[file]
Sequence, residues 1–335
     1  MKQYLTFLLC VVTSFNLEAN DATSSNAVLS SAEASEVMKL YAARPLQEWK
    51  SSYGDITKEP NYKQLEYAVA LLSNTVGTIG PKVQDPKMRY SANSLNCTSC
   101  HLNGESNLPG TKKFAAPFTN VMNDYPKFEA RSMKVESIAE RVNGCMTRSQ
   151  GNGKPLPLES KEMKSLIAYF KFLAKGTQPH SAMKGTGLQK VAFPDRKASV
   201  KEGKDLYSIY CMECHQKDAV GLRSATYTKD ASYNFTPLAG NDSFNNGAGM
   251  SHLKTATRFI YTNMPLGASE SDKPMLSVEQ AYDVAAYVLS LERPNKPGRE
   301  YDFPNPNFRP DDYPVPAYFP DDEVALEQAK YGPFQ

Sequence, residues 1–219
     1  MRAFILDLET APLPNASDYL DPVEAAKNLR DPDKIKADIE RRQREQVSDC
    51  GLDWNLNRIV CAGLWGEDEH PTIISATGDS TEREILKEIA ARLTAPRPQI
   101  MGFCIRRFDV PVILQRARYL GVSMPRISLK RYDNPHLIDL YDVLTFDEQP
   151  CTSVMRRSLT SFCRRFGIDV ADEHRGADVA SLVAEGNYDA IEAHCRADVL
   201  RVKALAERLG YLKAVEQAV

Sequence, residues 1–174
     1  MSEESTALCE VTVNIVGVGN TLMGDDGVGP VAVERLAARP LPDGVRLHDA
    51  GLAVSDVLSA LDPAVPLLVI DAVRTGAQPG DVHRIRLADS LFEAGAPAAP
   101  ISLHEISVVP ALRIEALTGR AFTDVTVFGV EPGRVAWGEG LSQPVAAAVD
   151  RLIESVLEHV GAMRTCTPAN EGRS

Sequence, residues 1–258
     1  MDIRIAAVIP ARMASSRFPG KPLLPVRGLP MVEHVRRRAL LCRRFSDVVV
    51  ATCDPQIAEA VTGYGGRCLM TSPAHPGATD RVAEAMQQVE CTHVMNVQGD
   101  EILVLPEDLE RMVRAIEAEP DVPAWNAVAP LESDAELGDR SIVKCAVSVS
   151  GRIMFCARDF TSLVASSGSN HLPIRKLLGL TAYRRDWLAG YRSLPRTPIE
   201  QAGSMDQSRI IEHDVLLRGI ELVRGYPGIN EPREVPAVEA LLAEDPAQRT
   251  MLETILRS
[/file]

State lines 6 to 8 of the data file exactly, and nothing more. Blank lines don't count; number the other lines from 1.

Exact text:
   201  KEGKDLYSIY CMECHQKDAV GLRSATYTKD ASYNFTPLAG NDSFNNGAGM
   251  SHLKTATRFI YTNMPLGASE SDKPMLSVEQ AYDVAAYVLS LERPNKPGRE
   301  YDFPNPNFRP DDYPVPAYFP DDEVALEQAK YGPFQ